where, A = η ( 6 − β θ ( 4 − β θ ) + θ λ ( 6 − β θ ( 4 − β θ ) + θ λ ( 3 − 2 β θ + θ λ ) ) ) .

Therefore,

m ( λ ) = 2 θ 2 ( 1 + θ λ ) + A θ ( 2 ( θ 2 + η ) + η ( θ λ ( 2 + θ λ ) − β θ ( 2 ( 1 + θ λ ) − β θ ) ) ) − λ = 2 θ 2 + η ( 6 − β θ ( 4 − β θ ) + θ λ ( 4 − 2 β θ + θ λ ) ) θ ( 2 ( θ 2 + η ) + η ( θ λ ( 2 + θ λ ) − β θ ( 2 ( 1 + θ λ ) − β θ ) ) ) .

Then, Equation (14) satisfies the following properties

m ( λ ) ≥ 0, m ( β ) = θ 2 + 3 η θ ( θ 2 + η ) , and l i m λ → ∞ m ( λ ) = 1 θ .

The Lorenz and Bonferroni curves were formulated to measure the income inequality. They are widely used in economics, reliability, demography, medicine, and insurance. The following theorem derives the Lorenz curve for NGLD.

Theorem 4. The Lorenz curve is defined for FPGLD as

L ( F ( λ ) ) = 1 − ∫ λ ∞ x f ( x ) d x μ = 1 − e − θ ( λ − β ) ( 2 θ 2 ( 1 + θ λ ) + B ) 2 ( θ 2 ( 1 + θ β ) + η ( 3 + θ β ) ) , (15)

where, B = η ( 6 + θ λ ( 6 + 3 θ λ + ( θ λ ) 2 ) − β θ ( 4 + θ λ ( 4 + 2 θ λ − β θ ) − β θ ) )

Proof. L ( F ( λ ) ) = 1 − ∫ λ ∞ x f ( x ) d x μ .

Note that

∫ λ ∞ x f ( x ) d x = ∫ λ ∞ x θ 3 2 ( θ 2 + η ) ( 2 + η ( x − β ) 2 ) e − θ ( x − β ) d x = θ 3 e θ β 2 ( θ 2 + η ) ( 2 ∫ λ ∞ x e − θ x d x + η ∫ λ ∞ x ( x − β ) 2 e − θ x d x ) = θ 3 e θ β 2 ( θ 2 + η ) ( 2 ∫ λ ∞ x e − θ x d x + η ( ∫ λ ∞ x 3 e − θ x d x − 2 β ∫ λ ∞ x 2 e − θ x d x + β 2 ∫ λ ∞ x e − θ x d x ) )

= θ 3 e θ β 2 ( θ 2 + η ) ( 2 Γ ( 2 , θ λ ) θ 2 + η ( Γ ( 4 , θ λ ) θ 4 − 2 β Γ ( 3 , θ λ ) θ 3 + β 2 Γ ( 2 , θ λ ) θ 2 ) ) = e − θ ( λ − β ) 2 ( θ 2 + η ) θ ( 2 θ 2 ( 1 + θ λ ) + η ( 6 + θ λ ( 6 + 3 θ λ + ( θ λ ) 2 ) − β θ ( 4 + θ λ ( 4 + 2 θ λ − β θ ) − β θ ) ) ) .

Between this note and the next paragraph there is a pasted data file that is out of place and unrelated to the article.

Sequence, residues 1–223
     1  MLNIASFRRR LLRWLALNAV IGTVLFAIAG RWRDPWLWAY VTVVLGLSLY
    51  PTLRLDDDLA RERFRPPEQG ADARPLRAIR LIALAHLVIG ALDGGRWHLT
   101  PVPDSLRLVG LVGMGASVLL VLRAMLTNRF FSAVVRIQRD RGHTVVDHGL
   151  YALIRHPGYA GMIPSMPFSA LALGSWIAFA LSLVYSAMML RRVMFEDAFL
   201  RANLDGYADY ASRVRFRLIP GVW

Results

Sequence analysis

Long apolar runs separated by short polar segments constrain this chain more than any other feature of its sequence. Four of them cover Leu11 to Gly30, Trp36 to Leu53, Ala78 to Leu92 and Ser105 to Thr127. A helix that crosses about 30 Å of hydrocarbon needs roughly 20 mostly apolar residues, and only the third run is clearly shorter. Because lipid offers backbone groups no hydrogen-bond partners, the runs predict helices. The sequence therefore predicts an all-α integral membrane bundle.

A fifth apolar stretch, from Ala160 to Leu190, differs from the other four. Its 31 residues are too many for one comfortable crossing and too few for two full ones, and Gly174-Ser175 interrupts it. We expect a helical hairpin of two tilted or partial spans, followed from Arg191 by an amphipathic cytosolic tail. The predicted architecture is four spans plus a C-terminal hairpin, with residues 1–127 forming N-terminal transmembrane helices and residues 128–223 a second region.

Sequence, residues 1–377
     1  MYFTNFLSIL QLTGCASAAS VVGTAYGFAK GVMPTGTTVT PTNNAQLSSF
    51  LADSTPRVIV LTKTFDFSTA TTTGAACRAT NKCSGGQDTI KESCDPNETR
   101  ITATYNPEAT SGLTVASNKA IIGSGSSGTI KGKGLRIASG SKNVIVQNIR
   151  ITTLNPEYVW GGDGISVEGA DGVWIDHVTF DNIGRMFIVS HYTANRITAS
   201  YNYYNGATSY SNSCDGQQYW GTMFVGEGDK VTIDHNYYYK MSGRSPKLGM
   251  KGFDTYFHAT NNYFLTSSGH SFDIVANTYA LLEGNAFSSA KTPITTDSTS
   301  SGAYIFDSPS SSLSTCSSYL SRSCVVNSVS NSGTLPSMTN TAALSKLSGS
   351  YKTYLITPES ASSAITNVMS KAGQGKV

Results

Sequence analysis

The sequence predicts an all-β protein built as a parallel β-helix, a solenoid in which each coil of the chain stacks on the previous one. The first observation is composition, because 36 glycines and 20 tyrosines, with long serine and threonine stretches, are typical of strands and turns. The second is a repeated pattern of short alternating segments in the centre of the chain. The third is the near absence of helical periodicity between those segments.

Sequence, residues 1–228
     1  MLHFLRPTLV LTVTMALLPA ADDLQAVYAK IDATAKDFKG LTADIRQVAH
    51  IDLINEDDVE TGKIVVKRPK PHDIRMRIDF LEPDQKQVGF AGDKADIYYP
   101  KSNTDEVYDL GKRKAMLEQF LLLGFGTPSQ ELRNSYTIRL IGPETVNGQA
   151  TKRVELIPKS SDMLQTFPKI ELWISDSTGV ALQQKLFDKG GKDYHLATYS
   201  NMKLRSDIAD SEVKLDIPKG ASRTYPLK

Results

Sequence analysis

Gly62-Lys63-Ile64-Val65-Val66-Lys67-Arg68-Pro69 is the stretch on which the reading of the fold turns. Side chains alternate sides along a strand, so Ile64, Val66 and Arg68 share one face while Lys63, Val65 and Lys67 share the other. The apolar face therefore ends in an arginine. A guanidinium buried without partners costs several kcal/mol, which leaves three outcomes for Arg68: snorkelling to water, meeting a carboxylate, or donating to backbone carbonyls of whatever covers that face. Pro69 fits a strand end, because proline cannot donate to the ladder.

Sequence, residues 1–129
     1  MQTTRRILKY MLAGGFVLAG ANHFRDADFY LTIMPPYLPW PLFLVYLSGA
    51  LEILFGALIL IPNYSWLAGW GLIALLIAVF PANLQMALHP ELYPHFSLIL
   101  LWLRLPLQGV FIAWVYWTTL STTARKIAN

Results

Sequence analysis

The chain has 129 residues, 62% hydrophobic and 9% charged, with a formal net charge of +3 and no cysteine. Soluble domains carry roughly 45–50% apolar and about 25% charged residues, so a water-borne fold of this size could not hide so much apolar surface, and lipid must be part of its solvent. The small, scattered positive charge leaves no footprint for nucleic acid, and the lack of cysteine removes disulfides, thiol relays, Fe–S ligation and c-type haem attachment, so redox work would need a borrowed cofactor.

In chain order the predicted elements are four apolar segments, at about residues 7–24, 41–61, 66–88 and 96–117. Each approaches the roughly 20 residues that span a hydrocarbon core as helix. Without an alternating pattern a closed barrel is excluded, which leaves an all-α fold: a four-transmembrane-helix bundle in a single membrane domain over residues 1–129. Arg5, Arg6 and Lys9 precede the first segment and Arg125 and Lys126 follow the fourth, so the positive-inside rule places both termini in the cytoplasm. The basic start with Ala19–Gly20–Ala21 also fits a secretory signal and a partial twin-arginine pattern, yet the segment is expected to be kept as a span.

Therefore,

L ( F ( λ ) ) = 1 − e − θ ( λ − β ) ( 2 θ 2 ( 1 + θ λ ) + B ) 2 ( θ 2 ( 1 + θ β ) + η ( 3 + θ β ) ) ,

and the corresponding Bonferroni curve for the NGAD is defined as:

B ( F ( λ ) ) = L ( F ( λ ) ) F ( λ ) = 2 ( θ 2 + η ) ( 2 ( θ 2 ( 1 + θ β ) + η ( 3 + θ β ) ) − ( 2 θ 2 ( 1 + θ λ ) + C ) e − θ ( λ − β ) ) 2 ( θ 2 ( 1 + θ β ) + η ( 3 + θ β ) ) ( 2 ( θ 2 + η ) − ( 2 θ 2 + D ) e − θ ( λ − β ) ) , (16)

where,

C = η ( 6 + θ λ ( 6 + 3 θ λ + ( θ λ ) 2 ) − β θ ( 4 + θ λ ( 4 + 2 θ λ − β θ ) − β θ ) ) and

D = η ( 2 + θ λ ( 2 + θ λ ) − β θ ( 2 ( 1 + θ λ ) − β θ ) ) .

The Renyi entropy is a measure of variation of uncertainty measure of a distribution say H γ ( λ ) [

Theorem 5. The Renyi entropy of the NGAD is given by:

H γ ( λ ) = 1 1 − γ ln ∫ β ∞ ( f ( λ ) ) γ d λ = 1 1 − γ ln ( θ 3 γ ( θ 2 + η ) γ ∑ k = 0 γ ( γ k ) η k Γ ( 2 k + 1 ) 2 k ( γ θ ) 2 k + 1 ) ; γ ≥ 0 , γ ≠ 1. (17)

Proof.

H γ ( λ ) = 1 1 − γ ln ∫ β ∞ ( f ( λ ) ) γ d λ = 1 1 − γ ln ( θ 3 γ ( θ 2 + η ) γ ∫ β ∞ ∑ k = 0 γ ( γ k ) ( η ( λ − β ) 2 2 ) k e − γ θ ( λ − β ) d λ ) = 1 1 − γ ln ( θ 3 γ ( θ 2 + η ) γ ∑ k = 0 γ ( γ k ) ( η 2 ) k 1 ( γ θ ) 2 k + 1 ∫ β ∞ y 2 k e − y d y ) ; y = γ θ ( λ − β ) = 1 1 − γ ln ( θ 3 γ ( θ 2 + η ) γ ∑ k = 0 γ ( γ k ) η k Γ ( 2 k + 1 ) 2 k ( γ θ ) 2 k + 1 ) .